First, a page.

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Terps will have to shake off the pressure at Wisconsin's Camp Randall Stadium

Wisconsin fans partake in the traditional "Jump Around" celebration between the third and fourth quarters at Camp Randall Stadium, which has been known to shake the venue.
Wisconsin fans partake in the traditional "Jump Around" celebration between the third and fourth quarters at Camp Randall Stadium, which has been known to shake the venue. (Jeff Hanisch / USA TODAY Sports)

COLLEGE PARK — As quarterback C.J. Brown sat before the media Wednesday afternoon, he outlined the Maryland football team's top priority on offense heading into Saturday's game at Wisconsin's legendary Camp Randall Stadium, which seats 80,321 and can shake at times during games.

"The biggest emphasis that we have is: Get off to a fast start," Brown said.

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What could make that tough for Maryland (5-2, 2-1 Big Ten Conference) is Wisconsin's ability to generate pressure and slow down opposing passing attacks.

Wisconsin (4-2, 1-1) enters Saturday ranked eighth nationally in pass defense, allowing just 169.2 yards through the air per game.

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That pass defense is aided by a pass rush that, despite having played in one fewer game than Maryland, is tied with the Terps for third in the Big Ten in sacks.

"They're a pressure defense, so the ball comes out quickly, obviously, with the way they play," Terps offensive coordinator Mike Locksley said. "They play a lot of man coverage behind them. A lot of things we faced earlier in the year were the zone pressures. So when you play man [coverage] and there is pressure involved, it forces your quarterback to have to be accurate, because they press."

That will be a test for Brown, who has completed just 56.8 percent of his passes this season. If Brown can be accurate, Maryland's wide receivers could have a chance to make some plays. Illinois backup quarterback Reilly O'Toole was 12-for-19 against Wisconsin last week and threw two first-half touchdown passes in a 38-28 loss.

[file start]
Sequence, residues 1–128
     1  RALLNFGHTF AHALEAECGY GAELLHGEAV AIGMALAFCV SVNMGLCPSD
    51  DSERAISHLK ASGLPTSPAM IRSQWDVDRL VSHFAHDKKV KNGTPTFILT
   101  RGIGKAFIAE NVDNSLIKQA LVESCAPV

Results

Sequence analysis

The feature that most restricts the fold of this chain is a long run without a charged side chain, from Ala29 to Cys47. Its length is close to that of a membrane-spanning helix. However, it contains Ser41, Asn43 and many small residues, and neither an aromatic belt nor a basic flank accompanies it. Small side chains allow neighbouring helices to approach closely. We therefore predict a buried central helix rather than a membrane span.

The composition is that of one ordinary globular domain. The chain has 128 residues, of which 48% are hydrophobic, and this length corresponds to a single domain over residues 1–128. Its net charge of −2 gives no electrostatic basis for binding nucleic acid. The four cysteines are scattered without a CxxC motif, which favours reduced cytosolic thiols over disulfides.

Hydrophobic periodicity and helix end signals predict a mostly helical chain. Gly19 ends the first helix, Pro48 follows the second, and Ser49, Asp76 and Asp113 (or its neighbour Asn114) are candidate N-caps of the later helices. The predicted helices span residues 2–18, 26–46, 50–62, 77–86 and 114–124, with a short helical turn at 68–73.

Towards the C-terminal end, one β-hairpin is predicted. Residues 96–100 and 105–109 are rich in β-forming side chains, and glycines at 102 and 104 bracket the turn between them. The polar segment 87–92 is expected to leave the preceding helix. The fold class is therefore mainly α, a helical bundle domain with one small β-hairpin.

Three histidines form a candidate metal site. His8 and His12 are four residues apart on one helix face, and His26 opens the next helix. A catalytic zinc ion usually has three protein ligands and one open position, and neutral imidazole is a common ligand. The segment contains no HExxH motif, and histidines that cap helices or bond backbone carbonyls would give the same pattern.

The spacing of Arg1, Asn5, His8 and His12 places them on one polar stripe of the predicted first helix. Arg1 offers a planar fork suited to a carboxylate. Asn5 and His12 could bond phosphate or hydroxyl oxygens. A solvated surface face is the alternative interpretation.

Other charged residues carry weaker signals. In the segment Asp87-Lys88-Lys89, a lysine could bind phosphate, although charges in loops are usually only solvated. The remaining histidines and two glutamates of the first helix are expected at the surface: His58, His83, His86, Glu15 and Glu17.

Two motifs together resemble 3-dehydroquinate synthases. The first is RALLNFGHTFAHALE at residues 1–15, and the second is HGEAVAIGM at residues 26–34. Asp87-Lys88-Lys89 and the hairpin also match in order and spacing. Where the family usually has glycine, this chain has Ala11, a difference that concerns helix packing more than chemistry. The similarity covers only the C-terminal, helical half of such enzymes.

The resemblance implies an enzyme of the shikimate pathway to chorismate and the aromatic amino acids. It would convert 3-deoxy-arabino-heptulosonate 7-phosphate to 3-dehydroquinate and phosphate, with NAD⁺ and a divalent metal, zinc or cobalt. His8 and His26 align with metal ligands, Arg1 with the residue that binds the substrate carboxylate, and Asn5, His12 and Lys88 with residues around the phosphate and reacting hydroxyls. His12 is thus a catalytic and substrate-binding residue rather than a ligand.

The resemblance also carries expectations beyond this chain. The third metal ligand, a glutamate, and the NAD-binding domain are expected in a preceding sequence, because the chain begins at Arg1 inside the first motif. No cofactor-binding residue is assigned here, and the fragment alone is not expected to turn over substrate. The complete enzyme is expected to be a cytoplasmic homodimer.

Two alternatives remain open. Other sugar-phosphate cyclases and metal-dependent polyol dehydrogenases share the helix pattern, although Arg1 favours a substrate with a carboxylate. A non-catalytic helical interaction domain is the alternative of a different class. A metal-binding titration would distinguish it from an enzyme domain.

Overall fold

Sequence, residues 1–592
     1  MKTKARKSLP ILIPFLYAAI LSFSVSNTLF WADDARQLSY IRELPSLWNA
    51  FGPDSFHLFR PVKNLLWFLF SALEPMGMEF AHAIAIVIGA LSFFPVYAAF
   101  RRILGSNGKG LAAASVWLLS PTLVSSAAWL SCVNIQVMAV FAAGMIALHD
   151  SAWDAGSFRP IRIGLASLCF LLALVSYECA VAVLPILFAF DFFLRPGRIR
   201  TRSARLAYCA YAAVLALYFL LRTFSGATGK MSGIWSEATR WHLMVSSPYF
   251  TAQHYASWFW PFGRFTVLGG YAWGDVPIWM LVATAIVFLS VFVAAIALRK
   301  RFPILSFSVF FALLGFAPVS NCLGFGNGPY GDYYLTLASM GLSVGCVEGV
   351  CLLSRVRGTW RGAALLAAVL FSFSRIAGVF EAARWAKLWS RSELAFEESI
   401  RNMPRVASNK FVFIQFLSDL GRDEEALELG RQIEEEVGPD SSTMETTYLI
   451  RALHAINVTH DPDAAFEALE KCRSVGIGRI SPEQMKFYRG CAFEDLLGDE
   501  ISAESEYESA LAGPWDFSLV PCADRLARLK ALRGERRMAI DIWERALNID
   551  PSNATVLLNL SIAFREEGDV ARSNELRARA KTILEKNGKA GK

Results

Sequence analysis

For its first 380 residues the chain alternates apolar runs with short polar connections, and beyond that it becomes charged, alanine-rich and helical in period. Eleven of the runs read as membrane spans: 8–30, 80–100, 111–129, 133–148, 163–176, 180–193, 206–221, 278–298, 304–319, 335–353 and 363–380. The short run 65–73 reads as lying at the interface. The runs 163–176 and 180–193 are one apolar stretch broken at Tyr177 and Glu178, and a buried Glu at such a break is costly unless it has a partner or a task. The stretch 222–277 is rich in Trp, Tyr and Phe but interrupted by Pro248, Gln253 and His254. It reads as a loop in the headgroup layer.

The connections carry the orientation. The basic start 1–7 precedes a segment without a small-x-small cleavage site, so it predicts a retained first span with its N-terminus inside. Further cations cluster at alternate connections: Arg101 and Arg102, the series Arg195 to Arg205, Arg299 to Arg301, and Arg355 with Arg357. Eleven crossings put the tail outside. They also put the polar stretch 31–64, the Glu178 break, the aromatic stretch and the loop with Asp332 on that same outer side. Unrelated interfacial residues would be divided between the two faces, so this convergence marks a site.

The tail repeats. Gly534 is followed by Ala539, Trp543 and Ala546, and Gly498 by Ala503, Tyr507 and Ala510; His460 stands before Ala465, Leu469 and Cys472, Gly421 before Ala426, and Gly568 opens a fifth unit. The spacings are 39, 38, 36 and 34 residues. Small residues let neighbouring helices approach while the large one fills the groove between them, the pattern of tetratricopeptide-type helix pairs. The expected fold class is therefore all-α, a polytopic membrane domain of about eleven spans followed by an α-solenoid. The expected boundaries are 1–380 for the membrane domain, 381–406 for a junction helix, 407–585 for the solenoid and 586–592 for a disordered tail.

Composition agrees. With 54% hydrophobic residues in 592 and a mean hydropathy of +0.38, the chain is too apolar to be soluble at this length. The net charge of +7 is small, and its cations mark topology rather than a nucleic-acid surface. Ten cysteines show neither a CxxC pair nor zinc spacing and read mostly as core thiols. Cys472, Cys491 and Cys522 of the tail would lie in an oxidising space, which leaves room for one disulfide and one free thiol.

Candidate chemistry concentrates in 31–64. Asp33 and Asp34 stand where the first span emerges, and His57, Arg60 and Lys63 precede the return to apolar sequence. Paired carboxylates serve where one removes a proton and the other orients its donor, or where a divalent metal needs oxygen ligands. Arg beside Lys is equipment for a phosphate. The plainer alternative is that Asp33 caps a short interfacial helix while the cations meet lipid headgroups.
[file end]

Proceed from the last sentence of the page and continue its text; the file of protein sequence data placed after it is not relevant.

Opposing quarterbacks are completing just 50 percent of their passes against Wisconsin, but among the Badgers' opponents so far, only LSU has a group of wide receivers as talented as Maryland's.

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"As soon as you hear man-to-man [coverage], I know the wide receivers perk up because they know they're going to have the opportunity to win versus matchups to show off their skills and their potential," Brown said. "It's just my job to get them the ball."

The Terps also will depend on their offensive line to protect Brown better than it did the last time it faced a strong pass rush.

During Maryland's 52-24 loss to Ohio St. on Oct. 4, the offensive line was beaten for three first-half sacks and multiple quarterback pressures. Brown threw for just 71 yards and an interception before being pulled at halftime.

Thirteen different Wisconsin players have at least a half-sack, and the Badgers have 20 quarterback hurries and 19 sacks this season.

After O'Toole had some success during the first half last week, the Badgers had two sacks on Illinois' first drive of the second half and finished with six overall. Inside linebacker Leon Jacobs had 12 tackles, two tackles for losses and 1.5 sacks for the Badgers. For the year, fellow inside linebacker Derek Landisch leads Wisconsin with eight tackles for losses and four sacks.

"They're very sound and very solid in what they do and what they like," Terps coach Randy Edsall said. "They have a scheme they believe in, and they have good players that play within the system they have and are very active. They can play man coverage and be able to get an extra guy in the box to be able to do things. I'm just very impressed with the way they run to the ball and how they execute the scheme that they are playing."

One possible advantage for Maryland is Brown's mobility. Blitz calls and man coverage could leave Wisconsin susceptible to quarterback scrambles, and Brown ran for 99 yards on 21 carries in three quarters of work against Iowa last week.

To win Saturday and quiet the crowd at Camp Randall Stadium, Maryland's offense needs to be at its best.

"Hopefully," Edsall said, "we can play well enough to make it where the crowd isn't a factor."

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